Virtues and Vices

827. FAITH OF THE VENDEAN.-----A Vendean, named Repoche, who during the French Revolution served in the royal army, having been taken prisoner by the revolutionary party, was conducted by them to a place where a cross had been erected, and there he was thus accosted: "You have been taken with arms in your hands, and so your life is forfeited. There yonder is the cottage in which you were born; your father is still living there; now your life will be spared to you if you will do one thing. Take up that axe and at once cut down that cross." Repoche took up the axe; his fellow prisoners turned aside their heads and trembled, for they thought that Repoche was about abjuring his God. Repoche, brandishing the axe over his head, sprung upon the pedestal of the cross, and uplifting his arm, cried out in tones loud enough to be heard by even those who were at a distance: "Death to him who shall insult the cross of Jesus Christ! I shall defend it from ignominy to my last breath!" With his back to the sacred wood, he swung the axe round his head, his eyes brilliant with a Divine fire, and his frame endued with supernatural strength. For some minutes he succeeded in warding off the sacrilegious soldiers, but soon he was overwhelmed by numbers, and though transfixed in every part of his body, he still clung fast to the cross, and in this position was put to death. What faith! What intrepidity!-----Power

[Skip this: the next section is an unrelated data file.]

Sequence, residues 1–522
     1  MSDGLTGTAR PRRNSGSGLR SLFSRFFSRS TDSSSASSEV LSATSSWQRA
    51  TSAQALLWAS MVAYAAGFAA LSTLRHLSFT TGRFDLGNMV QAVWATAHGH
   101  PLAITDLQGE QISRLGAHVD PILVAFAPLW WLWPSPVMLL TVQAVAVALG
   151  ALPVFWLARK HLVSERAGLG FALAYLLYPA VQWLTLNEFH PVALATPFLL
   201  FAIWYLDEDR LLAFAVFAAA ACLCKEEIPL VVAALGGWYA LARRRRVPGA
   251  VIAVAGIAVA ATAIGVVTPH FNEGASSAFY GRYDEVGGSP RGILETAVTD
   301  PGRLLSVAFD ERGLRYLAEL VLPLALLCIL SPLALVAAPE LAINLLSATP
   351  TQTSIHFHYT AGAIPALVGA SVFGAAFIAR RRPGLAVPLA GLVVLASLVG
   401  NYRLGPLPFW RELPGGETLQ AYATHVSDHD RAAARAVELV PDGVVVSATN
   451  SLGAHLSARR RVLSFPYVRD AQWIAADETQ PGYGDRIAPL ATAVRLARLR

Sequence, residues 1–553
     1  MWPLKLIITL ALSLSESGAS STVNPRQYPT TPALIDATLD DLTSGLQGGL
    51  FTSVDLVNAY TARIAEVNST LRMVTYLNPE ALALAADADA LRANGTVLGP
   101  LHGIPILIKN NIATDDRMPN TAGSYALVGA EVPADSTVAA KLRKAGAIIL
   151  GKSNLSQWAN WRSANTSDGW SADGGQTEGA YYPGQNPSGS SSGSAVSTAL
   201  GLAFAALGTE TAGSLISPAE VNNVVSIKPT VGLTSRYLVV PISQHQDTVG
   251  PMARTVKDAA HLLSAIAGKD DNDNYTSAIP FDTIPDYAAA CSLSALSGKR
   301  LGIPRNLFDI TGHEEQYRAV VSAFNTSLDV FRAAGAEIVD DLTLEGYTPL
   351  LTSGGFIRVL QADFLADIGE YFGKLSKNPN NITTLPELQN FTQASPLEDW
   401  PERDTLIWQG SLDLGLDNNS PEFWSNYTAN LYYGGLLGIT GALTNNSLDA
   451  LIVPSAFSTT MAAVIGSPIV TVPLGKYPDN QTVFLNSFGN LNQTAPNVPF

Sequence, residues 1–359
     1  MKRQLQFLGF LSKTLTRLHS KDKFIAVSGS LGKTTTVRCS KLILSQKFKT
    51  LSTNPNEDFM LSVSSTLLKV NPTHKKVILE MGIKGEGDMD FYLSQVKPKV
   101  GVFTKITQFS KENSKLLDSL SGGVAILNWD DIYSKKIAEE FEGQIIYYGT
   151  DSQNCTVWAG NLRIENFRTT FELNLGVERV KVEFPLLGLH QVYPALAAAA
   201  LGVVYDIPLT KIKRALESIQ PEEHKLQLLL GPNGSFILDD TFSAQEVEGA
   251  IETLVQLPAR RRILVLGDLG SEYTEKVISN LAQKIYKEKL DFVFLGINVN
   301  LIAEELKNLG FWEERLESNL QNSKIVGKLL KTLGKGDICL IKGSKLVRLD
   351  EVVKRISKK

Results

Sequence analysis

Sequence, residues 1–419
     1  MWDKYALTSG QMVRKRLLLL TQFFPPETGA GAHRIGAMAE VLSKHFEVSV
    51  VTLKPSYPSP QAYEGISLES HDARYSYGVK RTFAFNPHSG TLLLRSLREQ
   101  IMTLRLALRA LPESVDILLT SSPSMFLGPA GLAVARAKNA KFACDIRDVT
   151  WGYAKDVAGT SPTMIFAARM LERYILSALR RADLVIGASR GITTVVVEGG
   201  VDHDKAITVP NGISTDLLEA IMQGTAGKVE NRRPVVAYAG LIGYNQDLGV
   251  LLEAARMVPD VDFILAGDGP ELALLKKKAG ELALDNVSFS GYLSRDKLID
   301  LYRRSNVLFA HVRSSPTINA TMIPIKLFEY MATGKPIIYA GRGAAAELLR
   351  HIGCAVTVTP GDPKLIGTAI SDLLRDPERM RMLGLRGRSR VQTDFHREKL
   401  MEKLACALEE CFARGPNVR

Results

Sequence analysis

828. CHARITY OF A PRIEST.-----A young ecclesiastic, curate of parish in the neighborhood of Villeneuve, bequeathed to his country an example of one of the most heroic achievements. The Patron day of the place was being observed, and the entire population of the surrounding country was assembled to join in its celebration The rains of the previous day had swollen the river, and it rushed madly onward in its course. As the priests were chanting vespers piercing cries suddenly burst on their ears: "A boat has upset! The men are floating down the river!" The young curate without a moment's delay, hurries to the Church door, takes off his sacerdotal vestments, and without attending to the danger surrenders himself up to the mercy of the waves, in order to save the wretched victims who were yet struggling to keep themselves above water. He wrestles with the flood; his efforts are crowned with success, and he brings back the half-drowned men, one after the other, amidst the acclamations of the people, who were witnesses of the terrific scene. This heroic deed accomplished, the worthy and virtuous ecclesiastic quietly returned to the church and resumed the office which had been for the time interrupted. This delightful act of heroism was not long without its reward, for he was presented by the Government with a gold medal.------Guillois